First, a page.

Size control over metal–organic framework porous nanocrystals†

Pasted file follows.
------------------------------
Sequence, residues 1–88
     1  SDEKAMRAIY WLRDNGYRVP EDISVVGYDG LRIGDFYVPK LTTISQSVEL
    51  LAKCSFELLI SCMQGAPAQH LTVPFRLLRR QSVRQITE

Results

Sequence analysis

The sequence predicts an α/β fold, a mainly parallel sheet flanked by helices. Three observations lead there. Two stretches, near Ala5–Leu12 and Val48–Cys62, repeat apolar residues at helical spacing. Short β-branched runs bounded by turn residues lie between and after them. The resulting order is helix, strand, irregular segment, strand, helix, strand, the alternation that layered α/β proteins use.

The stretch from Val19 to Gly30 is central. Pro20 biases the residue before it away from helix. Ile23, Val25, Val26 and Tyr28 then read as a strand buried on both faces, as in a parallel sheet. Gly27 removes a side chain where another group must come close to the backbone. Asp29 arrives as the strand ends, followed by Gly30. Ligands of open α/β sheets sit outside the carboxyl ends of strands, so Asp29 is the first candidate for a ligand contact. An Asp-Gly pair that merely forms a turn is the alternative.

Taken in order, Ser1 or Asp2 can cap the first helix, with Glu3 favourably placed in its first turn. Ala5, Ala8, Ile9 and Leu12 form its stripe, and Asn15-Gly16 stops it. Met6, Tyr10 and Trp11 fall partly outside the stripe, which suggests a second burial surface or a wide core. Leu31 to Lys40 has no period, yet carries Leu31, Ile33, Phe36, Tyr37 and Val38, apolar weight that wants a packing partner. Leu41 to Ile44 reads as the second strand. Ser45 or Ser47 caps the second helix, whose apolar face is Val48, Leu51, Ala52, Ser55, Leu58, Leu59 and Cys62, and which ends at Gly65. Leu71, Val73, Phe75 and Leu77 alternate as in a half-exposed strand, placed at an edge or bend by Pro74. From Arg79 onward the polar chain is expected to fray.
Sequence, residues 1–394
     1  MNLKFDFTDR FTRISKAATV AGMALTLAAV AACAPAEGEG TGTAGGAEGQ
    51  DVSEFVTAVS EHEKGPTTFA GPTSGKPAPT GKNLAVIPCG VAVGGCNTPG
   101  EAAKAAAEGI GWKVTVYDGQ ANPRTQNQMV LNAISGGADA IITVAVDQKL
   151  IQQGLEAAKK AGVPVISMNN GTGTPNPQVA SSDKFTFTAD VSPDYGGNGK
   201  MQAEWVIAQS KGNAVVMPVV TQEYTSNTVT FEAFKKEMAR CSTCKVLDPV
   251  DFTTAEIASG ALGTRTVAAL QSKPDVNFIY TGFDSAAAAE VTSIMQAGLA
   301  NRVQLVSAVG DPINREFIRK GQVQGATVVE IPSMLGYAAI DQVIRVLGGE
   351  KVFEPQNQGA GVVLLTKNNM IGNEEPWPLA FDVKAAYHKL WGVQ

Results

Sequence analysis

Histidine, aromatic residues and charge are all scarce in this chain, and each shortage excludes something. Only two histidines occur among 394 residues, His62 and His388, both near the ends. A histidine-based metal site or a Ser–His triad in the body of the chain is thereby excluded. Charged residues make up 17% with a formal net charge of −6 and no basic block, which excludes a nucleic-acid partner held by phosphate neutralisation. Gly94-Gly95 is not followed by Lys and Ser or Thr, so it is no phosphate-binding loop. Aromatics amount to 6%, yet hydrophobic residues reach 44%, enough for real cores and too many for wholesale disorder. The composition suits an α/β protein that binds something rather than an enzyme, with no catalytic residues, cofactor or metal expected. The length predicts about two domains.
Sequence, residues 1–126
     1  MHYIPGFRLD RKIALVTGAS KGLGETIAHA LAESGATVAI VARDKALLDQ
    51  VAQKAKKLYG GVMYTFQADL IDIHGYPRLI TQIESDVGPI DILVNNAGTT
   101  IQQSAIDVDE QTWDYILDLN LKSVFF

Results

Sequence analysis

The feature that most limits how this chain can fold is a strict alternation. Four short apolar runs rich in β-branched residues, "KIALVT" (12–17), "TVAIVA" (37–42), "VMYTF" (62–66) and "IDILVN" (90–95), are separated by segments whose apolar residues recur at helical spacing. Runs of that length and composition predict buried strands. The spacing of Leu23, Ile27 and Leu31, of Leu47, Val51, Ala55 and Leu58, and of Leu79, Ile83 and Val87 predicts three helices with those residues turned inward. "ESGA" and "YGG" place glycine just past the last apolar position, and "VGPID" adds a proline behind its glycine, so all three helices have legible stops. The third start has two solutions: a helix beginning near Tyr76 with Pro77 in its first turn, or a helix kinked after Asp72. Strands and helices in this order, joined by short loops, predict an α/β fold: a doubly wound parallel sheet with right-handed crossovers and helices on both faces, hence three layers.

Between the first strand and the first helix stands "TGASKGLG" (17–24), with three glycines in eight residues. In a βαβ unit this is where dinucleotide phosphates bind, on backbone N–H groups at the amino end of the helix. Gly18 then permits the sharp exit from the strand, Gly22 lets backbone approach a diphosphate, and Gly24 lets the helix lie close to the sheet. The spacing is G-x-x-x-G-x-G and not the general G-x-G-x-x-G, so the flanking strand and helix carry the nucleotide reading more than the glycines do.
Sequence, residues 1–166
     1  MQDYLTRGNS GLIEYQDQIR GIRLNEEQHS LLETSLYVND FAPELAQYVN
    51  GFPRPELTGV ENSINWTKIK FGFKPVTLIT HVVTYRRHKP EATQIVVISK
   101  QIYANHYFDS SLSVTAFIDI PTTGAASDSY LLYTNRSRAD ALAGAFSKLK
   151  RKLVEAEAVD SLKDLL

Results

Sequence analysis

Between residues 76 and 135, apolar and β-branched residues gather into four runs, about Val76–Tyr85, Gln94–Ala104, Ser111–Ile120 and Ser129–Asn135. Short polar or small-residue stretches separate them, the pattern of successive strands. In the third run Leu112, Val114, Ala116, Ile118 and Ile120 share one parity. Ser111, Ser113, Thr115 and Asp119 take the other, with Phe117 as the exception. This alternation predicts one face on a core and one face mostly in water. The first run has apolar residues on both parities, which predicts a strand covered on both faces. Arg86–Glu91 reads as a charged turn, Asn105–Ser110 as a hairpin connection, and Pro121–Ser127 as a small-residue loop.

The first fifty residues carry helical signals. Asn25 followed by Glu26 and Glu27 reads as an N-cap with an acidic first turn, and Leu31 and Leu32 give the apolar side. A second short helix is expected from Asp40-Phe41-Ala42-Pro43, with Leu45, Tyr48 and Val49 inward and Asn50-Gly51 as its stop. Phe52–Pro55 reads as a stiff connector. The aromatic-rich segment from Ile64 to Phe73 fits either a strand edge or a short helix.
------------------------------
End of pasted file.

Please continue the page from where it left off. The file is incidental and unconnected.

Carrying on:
Porous nanocrystals of metal–organic frameworks (MOFs) offer greater bioavailability, higher surface-to-volume ratios, superior control over MOF membrane fabrication, and enhanced guest-sorption kinetics compared to analogous bulk phases, but reliable synthesis of uniformly sized particles remains an outstanding challenge. Here, we identify the smallest and most probable sizes of known MOF nanocrystals and present an exhaustive comparative summary of nano- versus bulk-MOF syntheses. Based on critical analysis of reported size data and experimental conditions, an alternate to the LaMer model is proposed that describes nanocrystal formation as a kinetic competition between acid-base and metal–ligand reactivity. Particle growth terminates when ligands outcompete metal-ion diffusion, thereby arresting polymerization to produce kinetically trapped particle sizes. This model reconciles disparate trends in the literature and postulates that minimum particle sizes can be achieved by minimizing the relative ratios of metal-to-linker local concentrations. By identifying conditions that disfavor small nanocrystal sizes, this model also provides routes towards macroscopic MOF single crystals. A universal “seesaw” relationship between nanocrystal sizes and the concentrations of acidic surface-capping ligands provides a roadmap for achieving precise synthetic control. Best practices in synthesis, characterization, and data presentation are recommended for future investigations so that MOF nanocrystals may achieve their full potential as advanced nanomaterials.